MIDTOWN, Manhattan (WABC) -- It seems like every superhero movie comes with a certain degree of buzz, but what's happening at box offices this week is more than just hype.
With pre-sold tickets and bought-out theaters, "Black Panther" is already a blockbuster and a major cultural phenomenon set to debut with the highest take ever for a movie opening on President's Day weekend.
In fact, the estimates of how much it will make have been revised upwards in recent days to $170 million, all of which increased the excitement at the film's New York premiere at The Museum of Modern Art in Midtown Manhattan.
Among African Americans, "Black Panther" has been called the most eagerly anticipated movie in a quarter century. But Marvel's first black super hero has a truly universal appeal.
"Bank, baby, bank," is how "Good Morning America" Co-Host Robin Roberts put it, and that's one reason so many stars came to the Big Apple premiere.
Star Chadwick Boseman didn't even have to audition for his lead role.
"From the very beginning, when they first called me, I knew this was different," he said. "I didn't know it would be this cultural experience, this movie myth, this phenomenon."
Boseman plays T'Challa, the king of a hidden land called Wakanda, which he describes as "a highly technologically advanced nation on the continent of Africa."
A material known as Vibranium gives the people their prosperity and their ruler his strength. In the movie, the king tells his nemesis, "It's my responsibility to make sure Wakanda doesn't fall into the hands of people like you."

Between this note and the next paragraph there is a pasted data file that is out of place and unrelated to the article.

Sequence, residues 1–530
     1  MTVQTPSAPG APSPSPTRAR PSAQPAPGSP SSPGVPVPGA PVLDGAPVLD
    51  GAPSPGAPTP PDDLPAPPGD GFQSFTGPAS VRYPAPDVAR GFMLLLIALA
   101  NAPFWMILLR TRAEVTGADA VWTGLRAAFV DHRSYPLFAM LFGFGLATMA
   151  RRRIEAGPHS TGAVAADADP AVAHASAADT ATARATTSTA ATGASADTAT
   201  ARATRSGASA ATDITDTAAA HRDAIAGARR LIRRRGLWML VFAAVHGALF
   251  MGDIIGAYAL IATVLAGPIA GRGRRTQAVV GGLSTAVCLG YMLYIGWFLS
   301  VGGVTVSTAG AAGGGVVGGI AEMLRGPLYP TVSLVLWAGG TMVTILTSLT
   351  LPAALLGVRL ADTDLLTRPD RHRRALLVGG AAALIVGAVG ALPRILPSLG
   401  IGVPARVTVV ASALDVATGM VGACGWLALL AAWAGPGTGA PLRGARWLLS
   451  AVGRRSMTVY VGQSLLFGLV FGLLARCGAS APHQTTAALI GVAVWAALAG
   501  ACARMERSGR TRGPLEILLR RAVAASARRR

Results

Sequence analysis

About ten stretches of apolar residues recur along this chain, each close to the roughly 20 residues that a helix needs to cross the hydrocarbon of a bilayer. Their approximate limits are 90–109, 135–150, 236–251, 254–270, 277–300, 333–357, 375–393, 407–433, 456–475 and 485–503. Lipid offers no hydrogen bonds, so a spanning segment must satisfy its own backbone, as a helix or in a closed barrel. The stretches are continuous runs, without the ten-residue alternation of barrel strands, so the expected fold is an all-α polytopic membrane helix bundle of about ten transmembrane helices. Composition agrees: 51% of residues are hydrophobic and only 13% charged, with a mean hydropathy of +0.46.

The king's antangonist, Killmonger, is played by Michael B. Jordan, who is originally from New Jersey and arranged for local kids to see "Black Panther" at a screening in his hometown of Newark.
Arriving back in Manhattan for the screening, he told me, "I feel proud, you know? This is where I come from, so to be able to bring them this movie that I feel so special about, this important film is truly like no other."
Lupita Nyong'o, who plays Boseman's love interest in the film, echoed Jordan's sentiments.
"This film is about embracing where you're from, you know, and identifying with your people in a celebratory way, not in a divisive way," she said.
"Black Panther" offers hope that greater diversity on screen can be a reality rather than a dream: a true movement rather than just a brief moment. The hope is that this movie will be such a big hit, others will be made with more diverse casts. This movie re-defines what a superhero movie can be, which is what makes it so exciting.
"Black Panther" is from Disney/Marvel, which is owned by the same parent company as WABC-TV.
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Excitement, expectations high at New York City 'Black Panther' premiere